Tuesday 24th November 2015
Ireland’s economic issues have brought a huge social cost says M.D. Higgins
President criticises “arrogant assumption” that growth can be perpetual and sustainable
President Michael D Higgins next to UN Conference on Trade and Development Secretary-General Mukhisa Kituyi in Geneva.
President Michael D Higgins has criticised the “arrogant assumption” that economic expansion can be perpetual and sustainable, and called instead for fresh thinking and new institutions that reflect the growing global challenges on climate and economics.
Mr Higgins told the 10th debt management meeting of the UN Conference on Trade and Development (UNCTAD) that Ireland’s recent experiences, while largely specific to our system, had come with a “huge social cost” and had triggered a “welcome debate” on such issues.
Drawing a line from Geneva to the climate talks in Paris and back to the recent New York agreement on sustainable development goals, Mr Higgins said our “vulnerable planet” was at a “crucial juncture” in 2015.
Tackling these disparate, yet interlinked challenges required addressing their common failing, he said: that the old model – of extracting and consuming resources, or prioritising debt repayments over basic social needs – posed a threat to the environment and social cohesion and was no longer fit for purpose.
“That such a version of our lives together could, or should, be made available across all spaces and cultures was an assumption that was in its origin, arrogant, and is today unsustainable,” he said in his keynote address to delegations from more than 80 countries, in Geneva to discuss debt management and sustainable development matters.
In a wide-ranging address, Mr Higgins said the single globalisation model, with its “uncontested assumptions” had encouraged a blindness that historians will later highlight as the foundation of failure.
Mr Higgins asked rhetorically whether globalisation had given due attention to moral and social issues or merely cleared the way for an “unregulated free march of an expanding and increasing speculative, and not necessarily productive, capital?”
Global problems required a different universal agreement based on solutions that were not weighted to favour “vulture funds over social impact arguments”. This was a debate to which Ireland was interested in contributing, following its recent crisis experiences.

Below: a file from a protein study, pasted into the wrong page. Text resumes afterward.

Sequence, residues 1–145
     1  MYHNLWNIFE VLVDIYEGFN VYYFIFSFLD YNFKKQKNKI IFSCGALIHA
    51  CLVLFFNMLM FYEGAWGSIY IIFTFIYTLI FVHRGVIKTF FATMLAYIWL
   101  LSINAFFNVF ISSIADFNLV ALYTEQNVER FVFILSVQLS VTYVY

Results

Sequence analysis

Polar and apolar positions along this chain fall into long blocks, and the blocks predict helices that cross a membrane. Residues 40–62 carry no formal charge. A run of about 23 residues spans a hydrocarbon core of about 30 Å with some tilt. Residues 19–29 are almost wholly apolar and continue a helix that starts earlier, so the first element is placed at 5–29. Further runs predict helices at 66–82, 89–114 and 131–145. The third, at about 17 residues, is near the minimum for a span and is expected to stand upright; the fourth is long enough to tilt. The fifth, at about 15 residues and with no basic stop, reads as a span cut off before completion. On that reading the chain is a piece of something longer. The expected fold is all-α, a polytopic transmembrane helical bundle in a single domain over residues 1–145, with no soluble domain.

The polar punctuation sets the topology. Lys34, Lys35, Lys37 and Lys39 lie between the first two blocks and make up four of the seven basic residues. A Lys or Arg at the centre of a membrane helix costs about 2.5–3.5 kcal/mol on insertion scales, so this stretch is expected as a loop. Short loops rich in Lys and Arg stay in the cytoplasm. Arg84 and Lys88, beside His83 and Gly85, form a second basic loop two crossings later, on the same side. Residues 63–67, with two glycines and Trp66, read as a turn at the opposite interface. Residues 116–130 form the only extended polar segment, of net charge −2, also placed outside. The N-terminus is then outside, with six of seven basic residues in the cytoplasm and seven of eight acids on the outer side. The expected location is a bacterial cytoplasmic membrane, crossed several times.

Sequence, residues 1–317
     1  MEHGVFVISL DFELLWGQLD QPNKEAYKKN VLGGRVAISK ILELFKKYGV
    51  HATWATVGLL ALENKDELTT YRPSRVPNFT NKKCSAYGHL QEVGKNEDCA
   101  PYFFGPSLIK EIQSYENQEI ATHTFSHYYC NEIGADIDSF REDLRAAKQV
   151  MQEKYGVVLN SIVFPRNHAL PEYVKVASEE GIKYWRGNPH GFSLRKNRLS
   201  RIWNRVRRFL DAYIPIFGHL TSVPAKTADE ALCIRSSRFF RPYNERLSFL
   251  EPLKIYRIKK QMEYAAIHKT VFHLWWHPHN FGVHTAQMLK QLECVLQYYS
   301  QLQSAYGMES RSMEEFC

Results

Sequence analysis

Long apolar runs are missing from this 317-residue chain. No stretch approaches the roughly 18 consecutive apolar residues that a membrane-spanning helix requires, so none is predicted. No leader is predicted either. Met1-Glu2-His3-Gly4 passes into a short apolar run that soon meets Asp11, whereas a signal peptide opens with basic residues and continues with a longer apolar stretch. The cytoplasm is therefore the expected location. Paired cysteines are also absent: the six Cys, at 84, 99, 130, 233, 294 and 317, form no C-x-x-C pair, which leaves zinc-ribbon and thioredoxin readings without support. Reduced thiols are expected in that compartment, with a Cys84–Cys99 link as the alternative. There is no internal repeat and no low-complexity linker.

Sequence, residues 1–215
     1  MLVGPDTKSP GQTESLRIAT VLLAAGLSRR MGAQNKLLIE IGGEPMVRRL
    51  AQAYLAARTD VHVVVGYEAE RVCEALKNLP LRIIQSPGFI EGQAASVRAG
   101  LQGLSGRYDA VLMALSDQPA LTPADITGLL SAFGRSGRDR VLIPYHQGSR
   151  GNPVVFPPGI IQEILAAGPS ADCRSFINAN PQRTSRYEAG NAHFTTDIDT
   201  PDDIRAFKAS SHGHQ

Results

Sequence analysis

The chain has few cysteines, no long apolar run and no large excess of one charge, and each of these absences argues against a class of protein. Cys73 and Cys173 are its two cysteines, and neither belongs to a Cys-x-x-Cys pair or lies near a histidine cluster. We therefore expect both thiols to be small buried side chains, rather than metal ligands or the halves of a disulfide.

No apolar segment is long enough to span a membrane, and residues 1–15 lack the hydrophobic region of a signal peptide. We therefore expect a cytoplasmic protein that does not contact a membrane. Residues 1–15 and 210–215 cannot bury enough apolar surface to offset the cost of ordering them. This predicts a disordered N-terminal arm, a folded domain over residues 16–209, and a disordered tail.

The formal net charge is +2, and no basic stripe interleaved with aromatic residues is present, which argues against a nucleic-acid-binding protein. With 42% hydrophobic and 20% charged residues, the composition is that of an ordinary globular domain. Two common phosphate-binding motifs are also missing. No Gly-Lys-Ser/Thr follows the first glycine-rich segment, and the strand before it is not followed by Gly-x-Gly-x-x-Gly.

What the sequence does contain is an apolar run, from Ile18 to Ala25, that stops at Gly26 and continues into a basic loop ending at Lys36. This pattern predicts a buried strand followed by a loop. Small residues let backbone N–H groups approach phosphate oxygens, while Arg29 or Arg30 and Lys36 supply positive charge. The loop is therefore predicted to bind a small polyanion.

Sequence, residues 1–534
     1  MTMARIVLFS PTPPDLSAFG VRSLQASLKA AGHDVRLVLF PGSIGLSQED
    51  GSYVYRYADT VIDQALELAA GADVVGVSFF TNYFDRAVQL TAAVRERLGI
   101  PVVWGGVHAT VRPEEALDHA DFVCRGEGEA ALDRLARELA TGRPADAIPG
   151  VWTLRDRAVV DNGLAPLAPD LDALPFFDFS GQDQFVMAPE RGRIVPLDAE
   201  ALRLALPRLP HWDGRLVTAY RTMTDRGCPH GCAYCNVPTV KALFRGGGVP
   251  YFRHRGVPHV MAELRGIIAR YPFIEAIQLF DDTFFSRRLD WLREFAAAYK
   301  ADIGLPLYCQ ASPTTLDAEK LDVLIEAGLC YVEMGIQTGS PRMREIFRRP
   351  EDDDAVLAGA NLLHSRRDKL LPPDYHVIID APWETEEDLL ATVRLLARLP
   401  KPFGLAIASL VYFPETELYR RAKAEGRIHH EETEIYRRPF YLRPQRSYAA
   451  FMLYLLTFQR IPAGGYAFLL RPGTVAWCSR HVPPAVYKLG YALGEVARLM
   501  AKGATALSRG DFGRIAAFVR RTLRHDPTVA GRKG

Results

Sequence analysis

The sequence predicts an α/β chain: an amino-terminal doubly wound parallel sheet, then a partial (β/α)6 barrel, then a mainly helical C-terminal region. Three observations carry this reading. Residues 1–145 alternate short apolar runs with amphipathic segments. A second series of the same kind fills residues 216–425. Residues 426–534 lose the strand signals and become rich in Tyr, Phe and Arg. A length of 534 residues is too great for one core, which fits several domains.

Ireland had learned of the need for sustainable public finances and Mr Higgins expressed hope that, having addressed structural deficiencies in the Irish economy, Ireland would now “put in place a sustainable recovery and repair the damage to our public services and institutions”.
As Ireland and the EU emerged from crisis, however, they faced fundamental democratic questions over the competence of member states to control their own finances.
“What we can see across Europe is a fundamental questioning of what the role of the State now is in such circumstances,” he said, witnessed by the socialisation of debt and widening social inequality.
“What were the old characteristics of the south [developing world] are now visible as inequality and poverty in ‘the south within the north’,” he said, “and elite accumulation in the south might be called ‘the north within the south’”.
Growing public awareness that these issues are interlinked, he said, was driving debate over a “social floor”: a collection of non-negotiable core social goods including adequate levels of food, health education, participation.
Only after all of these had been provided for could the “debt discourse” be allowed to begin, he said, and the market allowed in.
The debate over global economic development – in particular global debt – is an issue that affects us all, Mr Higgins said, and thus must move beyond the corridors of the IMF and World Bank.
Dr Mukhisa Kituyi, secretary general of the UN conference, thanked Mr Higgins for his “intellectual leadership over many years” and his “consistency of thinking outside the box”.
Eight years since the global financial crisis, Mr Kituyi warned, global debt had continued to balloon and unsustainable debt had once again become a threat to development gains.
“Unsustainable private debt has a habit of ending up on public sector balance sheets, a link not limited to developing country alone, as the example of Ireland shows,” he said.
Mr Higgins reiterated Ireland’s commitment to helping developing countries restructure their debt. Despite Ireland’s difficult domestic economic circumstances it had worked to ensure additional funds from debt relief were used on programmes that benefit the poor.
Looking to France and Belgium, Mr Higgins urged for the careful use of words and images, a clear distinction between refugees fleeing terror and those causing the terror and a clear refusal to allow them to “dislodge” western achievements, such as universal human rights.